[by Shiela Steinman Wallace]
When more than 7,500 supporters of Israel descended upon Washington, D.C. for the AIPAC (American Israel Public Affairs Committee) 2010 Policy Conference there were seven Louisvillians among them: Rabbi Stanley Miles; Darcy, Sandy and Emily Berman; Gary Anderson, Barry Stoler and USY representative Amy Frieder. Frieder was one of only 20 teens from across the country selected to represent USY at the conference.
Rabbi Miles found it “both exhilarating and overwhelming to be in a meeting with nearly 8,000 people, mostly of the Jewish faith who are committed to the state of Israel. … There was also a large contingent from the Christian community who enthusiastically support the Jewish State.”
“It was an extraordinarily impressive event,” Stoler said. “It was orchestrated beautifully and professionally and all the right people were there.”
“The quality of the speakers was incredible,” Rabbi Miles observed. “They included Ambassador Michalel Oren, Secretary of State Hillary Clinton, Alan Dershowitz, Tony Blair, Tzipi Livni, and Prime Minister Benjamin Netanyahu – all live and in person.”
It was the very public differences between Clinton and Netanyahu that captured headlines. “Hillary Clinton,” Sandy Berman said, “made public the disagreement the Obama administration has with Israel with respect to the settlements. Prime Minister Netanyahu was on the opposing side, declaring Jerusalem is the capitol of Israel – not a settlement.”
That statement “brought roars of approval,” Stoler noted. “Netanyahu is a pillar of strength.”
“I’m disappointed in Obama and the way he’s handling relations with Israel,” added Anderson. “Airing our petty grievances in public is an error. It fuels the anti-Israel fire, and I agree that Jerusalem is not a settlement.
Stoler agreed, calling the “friction between the president and the prime minister” “somewhat disappointing.”
“What other country in the world,” Anderson continued, “gets chastised for developing its own land, its own economy, its own people and defending its own borders?”
“There was a frightening cloud over the proceedings,” Rabbi Miles noted, “the specter of a nuclear Iran. The thrust of the agenda was to work with our friends in the government to do anything in our power to negate this threat.”
Anderson is also a leader in A E Pi, and in that capacity has been dealing with consuls general and Israeli diplomats for about 10 years. “The story line has been the same for the last year,” he said. “The three most critical problems facing Israel and the world today are Iran, Iran and Iran. It is imperative that we prevent Iran from developing nuclear weapons, whatever the cost may be.”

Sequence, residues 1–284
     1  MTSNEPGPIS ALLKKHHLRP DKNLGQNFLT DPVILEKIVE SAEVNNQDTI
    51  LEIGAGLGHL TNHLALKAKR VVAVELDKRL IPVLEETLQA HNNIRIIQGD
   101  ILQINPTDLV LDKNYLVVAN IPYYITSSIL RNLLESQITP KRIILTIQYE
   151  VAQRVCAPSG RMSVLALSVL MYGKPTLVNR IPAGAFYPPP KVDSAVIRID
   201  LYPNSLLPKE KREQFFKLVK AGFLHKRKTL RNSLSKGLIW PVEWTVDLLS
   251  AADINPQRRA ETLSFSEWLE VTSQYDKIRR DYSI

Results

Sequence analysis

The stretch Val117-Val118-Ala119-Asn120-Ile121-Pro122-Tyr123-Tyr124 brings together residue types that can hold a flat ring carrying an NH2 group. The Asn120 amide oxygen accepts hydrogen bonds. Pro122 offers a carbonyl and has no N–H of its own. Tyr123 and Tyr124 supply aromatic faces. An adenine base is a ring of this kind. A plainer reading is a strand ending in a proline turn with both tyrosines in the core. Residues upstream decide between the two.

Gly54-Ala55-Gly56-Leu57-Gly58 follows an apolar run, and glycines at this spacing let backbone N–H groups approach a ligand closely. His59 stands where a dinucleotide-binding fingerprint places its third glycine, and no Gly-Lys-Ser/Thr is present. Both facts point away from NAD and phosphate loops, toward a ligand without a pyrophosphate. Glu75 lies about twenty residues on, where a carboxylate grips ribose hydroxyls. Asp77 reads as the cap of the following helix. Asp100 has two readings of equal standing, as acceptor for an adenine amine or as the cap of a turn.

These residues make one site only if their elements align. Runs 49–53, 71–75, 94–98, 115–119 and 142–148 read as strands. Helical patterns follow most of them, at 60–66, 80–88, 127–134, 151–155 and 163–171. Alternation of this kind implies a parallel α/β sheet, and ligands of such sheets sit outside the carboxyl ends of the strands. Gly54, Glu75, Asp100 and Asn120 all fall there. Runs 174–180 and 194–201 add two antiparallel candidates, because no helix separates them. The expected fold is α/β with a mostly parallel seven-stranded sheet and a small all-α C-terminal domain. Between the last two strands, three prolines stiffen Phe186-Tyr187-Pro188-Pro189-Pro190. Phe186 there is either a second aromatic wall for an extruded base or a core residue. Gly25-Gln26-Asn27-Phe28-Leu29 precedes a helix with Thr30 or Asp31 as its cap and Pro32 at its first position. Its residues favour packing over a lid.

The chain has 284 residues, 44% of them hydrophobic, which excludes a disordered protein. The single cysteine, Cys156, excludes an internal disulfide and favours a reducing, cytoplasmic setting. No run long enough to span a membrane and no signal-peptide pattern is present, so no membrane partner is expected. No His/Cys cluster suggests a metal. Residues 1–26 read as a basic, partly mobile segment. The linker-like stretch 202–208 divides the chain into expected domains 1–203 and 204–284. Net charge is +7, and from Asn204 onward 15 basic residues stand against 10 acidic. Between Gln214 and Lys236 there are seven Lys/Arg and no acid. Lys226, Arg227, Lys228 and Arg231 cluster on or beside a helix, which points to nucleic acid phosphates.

The Iranian government is too volatile, Anderson said. “You can’t trust a country like Iran with nuclear capabilities.”
Stoler observed that “it seemed to be accepted by every speaker that Iran could not become a nuclear power.”
In addition to possible sanctions against Iran, Berman said “the safety and security of Israel’s borders with Gaza and Lebanon” were also discussed. The U.S. provides $3 billion in foreign aid to Israel he explained, and “75 percent of all foreign aid that is sent to Israel comes back to the U.S. in the form of jobs and salaries.”
AIPAC also focused attention on the issue of BDS – boycott divestment and sanctions. “Many mainline churches,” Rabbi Miles explained, “particularly the Presbyterian Church headquartered here in Louisville have been leaning in this virulently anti-Israel direction.”
Rabbi Miles was particularly impressed with Alan Dershowitz, who, in an impassioned speech, “asserted that the world should stand in awe of Israel’s accomplishments, yet Israel is the only country in the world whose very right to exist is constantly being challenges.
“There is an ongoing move to delegitimize the State of Israel,” Rabbi Miles said Dershowitz stated, “and indeed Israel and her allies must do everything in our power to fight this attitude.” In fact, a recent poll shows that 63 percent of Americans strongly support Israel and its agenda for peace in the region.”
Rabbi Miles also reported that when Prime Minister Netanyahu addressed the convention, “well over half of the members of Congress and the U.S. Senate were in attendance, together with people from the administration and many ambassadors from countries around the world.
“We are blessed in Kentucky with very supportive pro-Israel Congressmen and Senators,” Anderson stated, pointing out that Sens. Mitch McConnell and Jim Bunning and Reps. Ben Chandler and John Yarmuth are all strong advocates of Israel.
“When Prime Minister Netanyahu spoke with us,” Rabbi Miles continued, “he began his remarks by stating proudly that Israel was the first nation from the world community to come to the aid of Haiti following the earthquake. He rhetorically asked why. Israel does not have an embassy in Haiti. There is no Jewish community in Haiti. There is no connection whatsoever. And he answered that one of the core values of both Israel and the IDF is to save lives. And that in fact, Haiti was only one of many countries where this has happened throughout the world.”
For the Berman family, the AIPAC Policy Conference was truly a moment for pride. Emily, president of the AIPAC chapter at Indiana University, Bloomington, received the Duke Rudman Leadership Award recognizing her role in making the IU chapter the best AIPAC college chapter in the country. Emily also spoke about student activism for AIPAC at a breakout session. Now a senior, Emily will soon go to work for AIPAC.